Whereas in the known hinge the tongue itself was deliberately stiffened by ribs, so that the spring force of the tongue was in this case produced substantially only in the area of transition between the tongue and the bottom of the mortise cup and by the leaf spring, provision is furthermore made in accordance with the invention for the tongue to be made also resiliently flexible in its diagonal portion within the mortise cup. When the contact surface glides along the slanting tongue, the tongue can therefore flex slightly towards the circumferential wall, so that the spring force is produced not exclusively by the resiliently flexible upper section but also by the tongue itself.
To facilitate their snapping into the recesses in the mortise cup, the lateral projections of the tongue can be provided with ramp surfaces sloping outwardly from the interior of the cup and inwardly toward one another, which wedge the cup open in the area of the recesses to allow the projections to be snapped into place. The tongue projections are, as a rule, snapped into the corresponding recesses in the mortise cup when the hinge is installed, this being accomplished either automatically or by a brief pressure on the bottom end of the tongue in the engaging direction, according to whether the installation is performed entirely or partially on automatic apparatus or by hand. In any case, the installation is easier than when a tongue has to be mounted on a separate pivot pin.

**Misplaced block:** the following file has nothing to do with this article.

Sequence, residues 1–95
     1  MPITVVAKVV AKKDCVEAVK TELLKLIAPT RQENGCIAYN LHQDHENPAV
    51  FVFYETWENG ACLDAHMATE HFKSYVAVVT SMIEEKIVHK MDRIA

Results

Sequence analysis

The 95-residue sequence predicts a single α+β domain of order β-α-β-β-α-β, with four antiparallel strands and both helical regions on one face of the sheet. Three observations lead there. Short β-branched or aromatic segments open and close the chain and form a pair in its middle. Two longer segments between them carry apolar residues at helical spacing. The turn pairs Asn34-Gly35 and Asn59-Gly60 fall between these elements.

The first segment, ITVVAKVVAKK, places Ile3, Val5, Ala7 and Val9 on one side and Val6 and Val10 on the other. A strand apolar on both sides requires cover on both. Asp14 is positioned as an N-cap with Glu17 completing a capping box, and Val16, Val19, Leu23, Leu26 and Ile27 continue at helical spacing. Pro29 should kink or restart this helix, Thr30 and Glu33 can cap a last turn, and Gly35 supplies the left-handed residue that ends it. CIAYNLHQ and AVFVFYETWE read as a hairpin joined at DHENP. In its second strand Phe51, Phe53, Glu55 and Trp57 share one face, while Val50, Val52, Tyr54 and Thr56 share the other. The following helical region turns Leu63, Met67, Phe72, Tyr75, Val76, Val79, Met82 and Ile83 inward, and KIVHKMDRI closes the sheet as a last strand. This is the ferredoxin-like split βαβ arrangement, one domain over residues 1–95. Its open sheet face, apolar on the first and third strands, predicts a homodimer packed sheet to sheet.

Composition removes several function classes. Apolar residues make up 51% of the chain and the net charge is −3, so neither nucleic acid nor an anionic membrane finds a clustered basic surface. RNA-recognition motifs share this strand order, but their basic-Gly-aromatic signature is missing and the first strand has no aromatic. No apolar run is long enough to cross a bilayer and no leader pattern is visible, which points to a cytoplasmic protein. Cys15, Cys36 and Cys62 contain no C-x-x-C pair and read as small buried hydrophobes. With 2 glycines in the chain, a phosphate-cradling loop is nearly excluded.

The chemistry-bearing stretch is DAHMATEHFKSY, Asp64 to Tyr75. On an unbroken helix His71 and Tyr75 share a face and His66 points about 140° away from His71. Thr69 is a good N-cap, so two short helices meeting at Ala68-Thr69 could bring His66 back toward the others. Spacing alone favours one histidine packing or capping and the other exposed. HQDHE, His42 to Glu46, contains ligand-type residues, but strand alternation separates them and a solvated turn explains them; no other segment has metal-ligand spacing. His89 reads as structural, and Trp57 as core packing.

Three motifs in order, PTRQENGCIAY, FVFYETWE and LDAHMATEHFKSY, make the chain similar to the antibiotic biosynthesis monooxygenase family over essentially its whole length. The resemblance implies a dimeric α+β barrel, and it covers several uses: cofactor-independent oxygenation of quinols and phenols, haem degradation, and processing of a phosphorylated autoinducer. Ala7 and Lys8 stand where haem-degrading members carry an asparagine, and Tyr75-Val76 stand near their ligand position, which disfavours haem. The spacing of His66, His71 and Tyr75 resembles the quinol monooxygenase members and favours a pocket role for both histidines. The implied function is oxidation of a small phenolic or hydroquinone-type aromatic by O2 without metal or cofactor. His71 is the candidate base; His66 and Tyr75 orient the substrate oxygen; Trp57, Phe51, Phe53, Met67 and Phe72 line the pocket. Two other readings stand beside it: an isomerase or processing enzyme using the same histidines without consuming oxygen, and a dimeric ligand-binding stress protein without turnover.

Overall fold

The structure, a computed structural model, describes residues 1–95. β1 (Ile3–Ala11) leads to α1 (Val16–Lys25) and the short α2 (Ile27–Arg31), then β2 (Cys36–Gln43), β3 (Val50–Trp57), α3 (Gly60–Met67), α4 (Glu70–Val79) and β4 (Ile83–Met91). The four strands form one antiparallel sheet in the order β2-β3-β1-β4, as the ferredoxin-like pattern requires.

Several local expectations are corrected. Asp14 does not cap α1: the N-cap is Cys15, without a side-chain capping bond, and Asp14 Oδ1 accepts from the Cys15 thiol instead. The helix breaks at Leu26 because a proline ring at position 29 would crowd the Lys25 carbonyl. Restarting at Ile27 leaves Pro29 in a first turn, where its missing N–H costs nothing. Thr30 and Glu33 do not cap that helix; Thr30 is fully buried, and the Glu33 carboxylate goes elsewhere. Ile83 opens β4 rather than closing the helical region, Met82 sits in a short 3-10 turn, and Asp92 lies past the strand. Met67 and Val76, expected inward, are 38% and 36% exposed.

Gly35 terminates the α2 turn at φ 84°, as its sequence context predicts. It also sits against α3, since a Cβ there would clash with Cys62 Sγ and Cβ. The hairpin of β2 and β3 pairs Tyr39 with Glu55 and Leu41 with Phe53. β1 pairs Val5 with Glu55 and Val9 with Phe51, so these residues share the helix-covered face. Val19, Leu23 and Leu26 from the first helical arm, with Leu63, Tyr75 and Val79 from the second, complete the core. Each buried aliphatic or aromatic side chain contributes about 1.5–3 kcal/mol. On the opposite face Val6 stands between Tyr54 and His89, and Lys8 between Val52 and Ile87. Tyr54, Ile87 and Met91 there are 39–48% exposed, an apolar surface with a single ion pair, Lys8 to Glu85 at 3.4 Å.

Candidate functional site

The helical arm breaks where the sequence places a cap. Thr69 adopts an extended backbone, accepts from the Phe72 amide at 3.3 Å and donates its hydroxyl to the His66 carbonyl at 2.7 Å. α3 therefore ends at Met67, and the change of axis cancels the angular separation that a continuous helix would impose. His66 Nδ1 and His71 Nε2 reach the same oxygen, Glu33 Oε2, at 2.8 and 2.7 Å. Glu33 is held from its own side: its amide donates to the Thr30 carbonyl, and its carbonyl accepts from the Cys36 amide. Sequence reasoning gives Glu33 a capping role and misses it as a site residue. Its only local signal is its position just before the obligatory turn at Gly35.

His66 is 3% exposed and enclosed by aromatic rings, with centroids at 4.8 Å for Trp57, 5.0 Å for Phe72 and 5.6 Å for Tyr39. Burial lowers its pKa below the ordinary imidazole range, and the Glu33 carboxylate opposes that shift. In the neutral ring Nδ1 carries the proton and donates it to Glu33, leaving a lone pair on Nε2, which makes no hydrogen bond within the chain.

The invention will be further explained in the following description of an embodiment thereof, in conjunction with the drawing wherein:
FIG. 1 is a top plan view of a hinge of the invention, in which the door that is hung by the hinge is in the open position;
FIG. 2 is a cross-sectional view through the hinge as seen in the direction of the arrows 2--2 in FIG. 1, the hinge being in the closed position;
FIG. 3 is an enlarged cross-sectional view taken in the same manner as in FIG. 2 through the cup of the hinge, wherein the tongue is not in the position in which it is flexed and locked in the cup, and
FIG. 4 is a top plan view of the cup as seen in the direction of the arrow 4 in FIG. 3.
The over-center hinge generally designated as 10 in FIGS. 1 and 2 is, in the illustrated instance, what is known as a four-pivot hinge whose door-related part, which is in the form of a cup 14 which can be fastened in a mortise in a cabinet door 12, is pivotingly coupled by two hinge links 16 and 18 to the supporting-wall-related part having an elongated supporting arm 20. The supporting arm 20 is adjustably fastened in a conventional manner on a mounting plate 24 attached to the supporting wall 22 of the cabinet on which the door 12 is hung.